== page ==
Dairy interests seek help in reducing animal disease
WASHINGTON -- May 29, 2000 -- Farmers and the dairy industry asked Congress Tuesday to fund a seven-year, $1.3 billion program to kill off parts of the U.S. dairy herd infected by a bacterium also found in some humans with chronic bowel disease.
Rep. Richard Pombo, R-Calif., chairman of a House livestock subcommittee, said the plan could be included in this year's farm bill, but would have to include both beef and dairy cattle to be an effective way of reducing animal disease rates.
"I think it does have a chance," said Pombo, who opened hearings recently to find out what farmers and other interests want in a new "market-based" farm bill the GOP leadership is vowing to produce.
Mark Furth, general manager of Associated Milk Producers in New Ulm, Minn., said a priority for dairy farmers would be a national program to reduce the prevalence of debilitating Johne's disease in cattle.
"I must ask you to consider the increasing threat of disease on today's dairy industry," Furth said. He said Johne's is a slow-developing wasting disease that cuts down on milk production.
Donald De Jong, owner of a 2,000-head dairy farm in Dublin, Texas, said farmers won't have any incentive to join in the program without a compensation plan that would pay for removal of animals found infected. De Jong testified as a representative of both the Texas Association of Dairymen and the Diary Producers of New Mexico.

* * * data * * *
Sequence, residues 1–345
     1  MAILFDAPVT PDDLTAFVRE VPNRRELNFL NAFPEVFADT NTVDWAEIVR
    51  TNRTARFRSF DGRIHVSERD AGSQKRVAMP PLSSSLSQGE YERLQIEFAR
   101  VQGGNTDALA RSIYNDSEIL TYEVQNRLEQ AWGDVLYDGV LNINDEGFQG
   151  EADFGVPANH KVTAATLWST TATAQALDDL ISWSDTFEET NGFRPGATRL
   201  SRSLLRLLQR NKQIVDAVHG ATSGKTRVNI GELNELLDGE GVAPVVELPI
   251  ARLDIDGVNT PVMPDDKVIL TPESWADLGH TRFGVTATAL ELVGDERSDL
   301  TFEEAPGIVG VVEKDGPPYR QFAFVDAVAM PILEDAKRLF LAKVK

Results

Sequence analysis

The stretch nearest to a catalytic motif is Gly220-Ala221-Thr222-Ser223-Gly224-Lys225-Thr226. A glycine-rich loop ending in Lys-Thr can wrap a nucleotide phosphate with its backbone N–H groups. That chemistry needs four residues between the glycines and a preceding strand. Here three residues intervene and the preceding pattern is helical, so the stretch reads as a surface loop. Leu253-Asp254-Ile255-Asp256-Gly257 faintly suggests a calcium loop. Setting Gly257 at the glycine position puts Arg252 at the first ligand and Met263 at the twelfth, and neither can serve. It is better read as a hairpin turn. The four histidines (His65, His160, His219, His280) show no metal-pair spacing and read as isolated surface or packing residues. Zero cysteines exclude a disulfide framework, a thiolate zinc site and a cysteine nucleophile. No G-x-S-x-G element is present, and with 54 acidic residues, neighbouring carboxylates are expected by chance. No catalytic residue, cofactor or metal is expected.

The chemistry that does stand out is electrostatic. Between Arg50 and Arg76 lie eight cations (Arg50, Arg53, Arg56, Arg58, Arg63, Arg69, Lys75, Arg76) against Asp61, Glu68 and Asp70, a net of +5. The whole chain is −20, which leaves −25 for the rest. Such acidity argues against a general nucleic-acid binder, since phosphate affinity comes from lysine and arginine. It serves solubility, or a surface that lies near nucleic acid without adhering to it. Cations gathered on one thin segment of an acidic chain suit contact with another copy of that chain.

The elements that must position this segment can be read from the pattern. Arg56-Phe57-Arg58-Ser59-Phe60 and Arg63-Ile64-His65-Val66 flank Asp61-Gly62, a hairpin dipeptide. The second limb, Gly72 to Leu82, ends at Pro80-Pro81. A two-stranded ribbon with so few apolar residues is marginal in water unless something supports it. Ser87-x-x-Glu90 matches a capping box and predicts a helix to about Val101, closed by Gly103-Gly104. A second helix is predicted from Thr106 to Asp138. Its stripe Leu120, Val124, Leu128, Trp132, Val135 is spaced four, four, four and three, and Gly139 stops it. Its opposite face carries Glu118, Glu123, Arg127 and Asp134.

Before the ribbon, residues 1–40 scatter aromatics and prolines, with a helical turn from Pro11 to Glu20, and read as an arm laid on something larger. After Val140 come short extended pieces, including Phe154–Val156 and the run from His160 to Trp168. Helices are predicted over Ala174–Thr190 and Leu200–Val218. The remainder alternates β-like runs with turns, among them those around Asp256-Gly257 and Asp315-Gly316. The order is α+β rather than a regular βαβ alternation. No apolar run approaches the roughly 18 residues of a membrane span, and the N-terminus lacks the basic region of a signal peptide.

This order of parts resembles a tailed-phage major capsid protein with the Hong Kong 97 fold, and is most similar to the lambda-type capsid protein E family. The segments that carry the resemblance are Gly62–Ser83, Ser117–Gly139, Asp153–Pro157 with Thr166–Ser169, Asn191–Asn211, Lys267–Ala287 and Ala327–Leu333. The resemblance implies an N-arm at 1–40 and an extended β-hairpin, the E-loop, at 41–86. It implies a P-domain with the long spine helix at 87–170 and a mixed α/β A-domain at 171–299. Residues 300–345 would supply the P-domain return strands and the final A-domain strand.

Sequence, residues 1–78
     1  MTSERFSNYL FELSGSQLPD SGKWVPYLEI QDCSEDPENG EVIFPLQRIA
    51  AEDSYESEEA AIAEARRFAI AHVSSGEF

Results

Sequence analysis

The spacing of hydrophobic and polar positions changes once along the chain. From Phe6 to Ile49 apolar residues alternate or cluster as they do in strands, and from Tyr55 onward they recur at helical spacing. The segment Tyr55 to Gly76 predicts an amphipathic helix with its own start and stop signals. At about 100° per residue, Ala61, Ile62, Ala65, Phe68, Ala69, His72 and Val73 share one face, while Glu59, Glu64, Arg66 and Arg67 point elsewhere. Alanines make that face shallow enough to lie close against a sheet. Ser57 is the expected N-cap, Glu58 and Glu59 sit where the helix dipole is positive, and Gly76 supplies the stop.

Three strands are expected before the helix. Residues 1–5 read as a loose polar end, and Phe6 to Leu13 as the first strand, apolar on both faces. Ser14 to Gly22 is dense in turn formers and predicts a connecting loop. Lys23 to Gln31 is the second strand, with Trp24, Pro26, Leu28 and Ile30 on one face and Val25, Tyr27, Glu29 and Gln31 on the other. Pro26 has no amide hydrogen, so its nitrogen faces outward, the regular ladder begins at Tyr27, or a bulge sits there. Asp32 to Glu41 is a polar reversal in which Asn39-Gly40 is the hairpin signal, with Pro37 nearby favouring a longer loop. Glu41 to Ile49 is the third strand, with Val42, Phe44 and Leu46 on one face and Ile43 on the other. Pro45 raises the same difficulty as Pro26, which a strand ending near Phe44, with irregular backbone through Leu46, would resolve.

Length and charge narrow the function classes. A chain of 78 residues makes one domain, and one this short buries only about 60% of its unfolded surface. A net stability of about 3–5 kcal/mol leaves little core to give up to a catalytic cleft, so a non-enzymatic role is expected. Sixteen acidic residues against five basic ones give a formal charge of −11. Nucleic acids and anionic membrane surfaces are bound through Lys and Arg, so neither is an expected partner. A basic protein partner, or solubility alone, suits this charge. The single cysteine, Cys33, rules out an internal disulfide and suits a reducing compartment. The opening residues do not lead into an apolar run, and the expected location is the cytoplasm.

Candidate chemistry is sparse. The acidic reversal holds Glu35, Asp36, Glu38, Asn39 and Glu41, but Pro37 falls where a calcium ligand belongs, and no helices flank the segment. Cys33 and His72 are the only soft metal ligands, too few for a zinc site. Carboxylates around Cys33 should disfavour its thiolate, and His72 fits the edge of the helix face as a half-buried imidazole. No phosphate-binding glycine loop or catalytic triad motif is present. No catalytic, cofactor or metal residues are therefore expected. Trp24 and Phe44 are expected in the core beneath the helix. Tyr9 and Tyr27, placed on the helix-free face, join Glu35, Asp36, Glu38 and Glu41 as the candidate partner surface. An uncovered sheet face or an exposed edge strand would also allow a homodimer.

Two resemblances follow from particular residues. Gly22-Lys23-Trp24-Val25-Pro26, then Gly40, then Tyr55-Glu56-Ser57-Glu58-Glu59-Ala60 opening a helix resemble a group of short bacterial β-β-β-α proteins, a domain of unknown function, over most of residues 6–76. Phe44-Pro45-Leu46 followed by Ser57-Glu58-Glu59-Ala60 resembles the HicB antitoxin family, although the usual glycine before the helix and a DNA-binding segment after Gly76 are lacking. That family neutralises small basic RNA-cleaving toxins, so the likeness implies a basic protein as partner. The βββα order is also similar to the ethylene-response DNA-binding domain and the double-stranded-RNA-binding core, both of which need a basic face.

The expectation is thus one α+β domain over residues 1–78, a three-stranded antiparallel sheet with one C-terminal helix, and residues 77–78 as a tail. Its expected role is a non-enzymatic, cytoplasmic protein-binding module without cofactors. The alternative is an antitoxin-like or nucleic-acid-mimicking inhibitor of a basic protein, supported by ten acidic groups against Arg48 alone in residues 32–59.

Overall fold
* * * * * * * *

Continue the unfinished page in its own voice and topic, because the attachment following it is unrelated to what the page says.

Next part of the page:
De Jong said the plan calls for putting infected cows into rendering plants so the program would not adversely affect meat prices. About half of dairy cattle end up as hamburger meat.
A 1996 U.S. Department of Agriculture study estimated that 22 percent of dairy farms have more than 10 percent of their herds infected with Johne's disease, which causes diarrhea.
The same tuberculosis-like bacterium that causes Johne's in cattle has been found in the bowels of some human sufferers of Crohn's disease, a chronic bowel disease that affects more than 500,000 Americans.
But there's a contentious debate whether people are picking up the bacterium from milk and meat, or are getting it from contaminated water or other environmental sources. Preliminary results of British tests this year found that the bacterium can survive commercial pasteurization.
The main way Johne's is transmitted between cattle is when an animal eats grass or some other food that is contaminated by feces from a sick animal.
Calvin Covington, chief executive officer of Southeast Milk, Inc. of Ocala, Fla., representing the South East Dairy Association, said in written testimony that Johne's disease is an animal health issue causing increasing economic damage to the industry.
"The disease has no effective cure, and vaccines developed to date are of limited efficacy," he said. Covington said consigning infected cows to rendering plants would "avoid any perception that animals testing positive for Johne's had subsequently entered the food supply."